Discussion in 'Rentals - Vacation' started by Philip_Atlanta, Aug 1, 2005.
To others who rent their house, are you planning on raising the rates for 2006?
I haven't put it in stone, but I usually go up at least 10%. Overhead goes up at least that much. I don't want to gouge, but I want to keep up with the overhead. ?? I am interested to hear from you and everyone else re rental pricing for 2006.
Well, the reason I ask is historically the rents go up each year. However; this year with what I imagine will be increased competition and to a lesser extent the hurricances, I'm considering keeping the 2005 rates. On the flip side, I'm pretty much booked - so economics would tell me I can raise the rates and still get a good occupancy rate.
What we have thought about doing is those that book with us this year, for next year, giving them the 2005 rate. We typically raise our summer rate between $100-$200 and our other rates $100 year but I also give a $100 discount to returning guests so it typically evens out for them.
Thanks for bringing this up. Our place rented out so incredibly quickly this year that I'm wondering if we *should* up the rate, despite what our rental management company says.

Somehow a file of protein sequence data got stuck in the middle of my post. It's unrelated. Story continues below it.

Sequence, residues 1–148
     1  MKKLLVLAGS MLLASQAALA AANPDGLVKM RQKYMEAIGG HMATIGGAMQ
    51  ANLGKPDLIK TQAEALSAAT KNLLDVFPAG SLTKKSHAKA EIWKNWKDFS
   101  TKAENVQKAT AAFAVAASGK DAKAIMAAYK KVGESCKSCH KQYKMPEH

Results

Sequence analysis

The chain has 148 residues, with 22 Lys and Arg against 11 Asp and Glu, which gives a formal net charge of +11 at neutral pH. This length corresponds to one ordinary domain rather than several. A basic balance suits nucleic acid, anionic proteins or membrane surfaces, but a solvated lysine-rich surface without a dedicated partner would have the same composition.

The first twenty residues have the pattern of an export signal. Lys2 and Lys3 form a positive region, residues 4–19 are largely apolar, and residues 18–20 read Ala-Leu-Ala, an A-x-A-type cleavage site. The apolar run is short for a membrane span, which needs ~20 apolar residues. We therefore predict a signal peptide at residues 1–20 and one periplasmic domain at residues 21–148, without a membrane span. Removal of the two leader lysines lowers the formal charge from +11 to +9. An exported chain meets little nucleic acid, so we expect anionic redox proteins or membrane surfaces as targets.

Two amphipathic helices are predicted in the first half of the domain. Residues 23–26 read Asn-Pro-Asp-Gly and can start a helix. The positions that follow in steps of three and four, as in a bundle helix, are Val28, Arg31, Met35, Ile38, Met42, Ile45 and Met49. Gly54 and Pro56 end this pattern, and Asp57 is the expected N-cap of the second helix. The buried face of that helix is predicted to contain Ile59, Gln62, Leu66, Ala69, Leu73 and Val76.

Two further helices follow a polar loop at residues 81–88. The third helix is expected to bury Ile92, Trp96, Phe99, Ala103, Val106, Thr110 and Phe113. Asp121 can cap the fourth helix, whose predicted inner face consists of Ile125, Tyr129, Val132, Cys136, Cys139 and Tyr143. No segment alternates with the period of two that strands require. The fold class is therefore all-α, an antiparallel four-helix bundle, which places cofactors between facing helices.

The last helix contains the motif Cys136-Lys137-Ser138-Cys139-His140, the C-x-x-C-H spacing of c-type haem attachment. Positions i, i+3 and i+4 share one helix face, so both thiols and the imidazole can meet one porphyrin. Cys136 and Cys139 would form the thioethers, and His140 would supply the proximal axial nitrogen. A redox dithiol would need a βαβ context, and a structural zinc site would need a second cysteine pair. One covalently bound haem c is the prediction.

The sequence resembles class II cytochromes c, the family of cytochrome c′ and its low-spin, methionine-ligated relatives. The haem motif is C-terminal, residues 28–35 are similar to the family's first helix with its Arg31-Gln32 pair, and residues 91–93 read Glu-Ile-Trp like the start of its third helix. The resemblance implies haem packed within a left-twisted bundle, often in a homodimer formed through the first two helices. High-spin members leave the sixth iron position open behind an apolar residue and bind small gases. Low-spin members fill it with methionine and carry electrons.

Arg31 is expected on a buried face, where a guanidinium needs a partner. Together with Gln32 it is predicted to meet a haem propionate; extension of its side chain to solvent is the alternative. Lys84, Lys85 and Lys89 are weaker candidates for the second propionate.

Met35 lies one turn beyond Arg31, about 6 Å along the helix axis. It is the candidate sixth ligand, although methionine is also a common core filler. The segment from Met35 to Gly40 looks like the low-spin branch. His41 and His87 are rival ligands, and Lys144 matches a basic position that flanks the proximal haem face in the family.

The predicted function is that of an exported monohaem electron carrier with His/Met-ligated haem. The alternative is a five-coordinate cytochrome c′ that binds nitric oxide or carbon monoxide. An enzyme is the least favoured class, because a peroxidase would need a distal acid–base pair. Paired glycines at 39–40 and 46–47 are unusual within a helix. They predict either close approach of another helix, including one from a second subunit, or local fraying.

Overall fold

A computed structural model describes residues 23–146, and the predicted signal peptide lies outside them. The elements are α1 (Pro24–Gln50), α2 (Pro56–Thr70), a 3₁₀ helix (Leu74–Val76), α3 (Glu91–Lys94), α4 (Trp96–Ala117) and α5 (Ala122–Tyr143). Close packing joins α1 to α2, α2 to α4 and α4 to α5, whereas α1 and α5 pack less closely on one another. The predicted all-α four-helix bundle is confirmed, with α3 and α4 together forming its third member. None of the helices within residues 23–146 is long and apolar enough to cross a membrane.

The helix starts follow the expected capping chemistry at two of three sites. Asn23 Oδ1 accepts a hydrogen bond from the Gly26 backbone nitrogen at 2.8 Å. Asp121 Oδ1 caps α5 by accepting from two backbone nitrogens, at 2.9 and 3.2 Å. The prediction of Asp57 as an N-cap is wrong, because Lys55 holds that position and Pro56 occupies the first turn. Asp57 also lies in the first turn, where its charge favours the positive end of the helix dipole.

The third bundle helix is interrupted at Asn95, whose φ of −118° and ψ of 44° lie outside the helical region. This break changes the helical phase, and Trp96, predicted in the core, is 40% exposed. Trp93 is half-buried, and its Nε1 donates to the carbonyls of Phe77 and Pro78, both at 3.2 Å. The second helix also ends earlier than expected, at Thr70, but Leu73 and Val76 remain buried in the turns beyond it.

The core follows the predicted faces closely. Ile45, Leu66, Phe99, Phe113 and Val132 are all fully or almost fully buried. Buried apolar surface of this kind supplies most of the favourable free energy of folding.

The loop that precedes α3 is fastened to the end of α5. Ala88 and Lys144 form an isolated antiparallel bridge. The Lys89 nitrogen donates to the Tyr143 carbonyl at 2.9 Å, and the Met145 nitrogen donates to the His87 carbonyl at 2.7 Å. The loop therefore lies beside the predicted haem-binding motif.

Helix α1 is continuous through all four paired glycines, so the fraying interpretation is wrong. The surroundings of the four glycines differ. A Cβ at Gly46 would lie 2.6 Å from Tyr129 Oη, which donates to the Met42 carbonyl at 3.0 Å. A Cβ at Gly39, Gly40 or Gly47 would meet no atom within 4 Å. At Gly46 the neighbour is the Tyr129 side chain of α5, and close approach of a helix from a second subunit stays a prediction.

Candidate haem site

as a renter that lives for her week in florida I like this idea best but I know that is not always the best "plan". Just glad there are so many choices that we can usually find one!
Yes, we are raising our rates. There are less rentals west of here because of storms. There are more people from the mid west coming done here. New home owners in the area have paid much more for their homes than we did, so they will have to charge more.
If you increase your rate by 10% and book one less prime week; your total yearly revenue will still be more than last year.
Lastly, this is still a business; the rates will continue increase until people say no. We have never had a vacancy from Memorial Weekend thru the 2nd week of August . We also hold the rates for our returning guests. We have given some of them 3 year old rates.
Our places are renting quickly and fully -- economics 101 indicates they are therefore underpriced. We'll be raising rates (again) and by more than 10%.
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